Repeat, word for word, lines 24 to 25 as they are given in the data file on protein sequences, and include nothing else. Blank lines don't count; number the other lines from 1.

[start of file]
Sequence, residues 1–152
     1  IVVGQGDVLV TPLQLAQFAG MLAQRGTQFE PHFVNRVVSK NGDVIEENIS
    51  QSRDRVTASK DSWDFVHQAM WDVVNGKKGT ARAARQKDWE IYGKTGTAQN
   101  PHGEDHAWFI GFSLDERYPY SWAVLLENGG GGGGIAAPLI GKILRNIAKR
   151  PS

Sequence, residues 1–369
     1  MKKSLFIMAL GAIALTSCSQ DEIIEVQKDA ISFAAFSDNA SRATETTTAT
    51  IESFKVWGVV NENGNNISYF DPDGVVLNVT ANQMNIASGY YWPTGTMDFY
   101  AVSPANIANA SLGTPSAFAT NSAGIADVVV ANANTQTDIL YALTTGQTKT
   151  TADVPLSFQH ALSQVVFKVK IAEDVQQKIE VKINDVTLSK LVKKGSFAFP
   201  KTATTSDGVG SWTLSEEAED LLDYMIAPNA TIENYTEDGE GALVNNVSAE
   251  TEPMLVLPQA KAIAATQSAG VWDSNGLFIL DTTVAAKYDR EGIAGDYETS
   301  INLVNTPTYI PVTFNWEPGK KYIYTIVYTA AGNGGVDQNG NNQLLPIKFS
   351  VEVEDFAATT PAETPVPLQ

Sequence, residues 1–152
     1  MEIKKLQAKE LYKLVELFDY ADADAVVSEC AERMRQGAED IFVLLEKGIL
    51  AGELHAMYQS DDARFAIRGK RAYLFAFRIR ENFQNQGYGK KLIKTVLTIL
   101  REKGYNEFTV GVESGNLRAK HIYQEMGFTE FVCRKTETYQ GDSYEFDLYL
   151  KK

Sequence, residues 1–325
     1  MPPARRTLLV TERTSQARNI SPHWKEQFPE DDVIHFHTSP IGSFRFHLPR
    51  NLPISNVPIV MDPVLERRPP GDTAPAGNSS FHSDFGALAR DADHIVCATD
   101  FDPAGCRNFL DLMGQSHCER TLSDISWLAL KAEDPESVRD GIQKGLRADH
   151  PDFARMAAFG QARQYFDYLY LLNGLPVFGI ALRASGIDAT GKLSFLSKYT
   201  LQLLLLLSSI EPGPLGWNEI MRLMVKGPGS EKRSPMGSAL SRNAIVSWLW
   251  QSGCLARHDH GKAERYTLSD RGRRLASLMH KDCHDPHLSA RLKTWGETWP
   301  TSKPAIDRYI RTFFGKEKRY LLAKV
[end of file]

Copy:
   151  PDFARMAAFG QARQYFDYLY LLNGLPVFGI ALRASGIDAT GKLSFLSKYT
   201  LQLLLLLSSI EPGPLGWNEI MRLMVKGPGS EKRSPMGSAL SRNAIVSWLW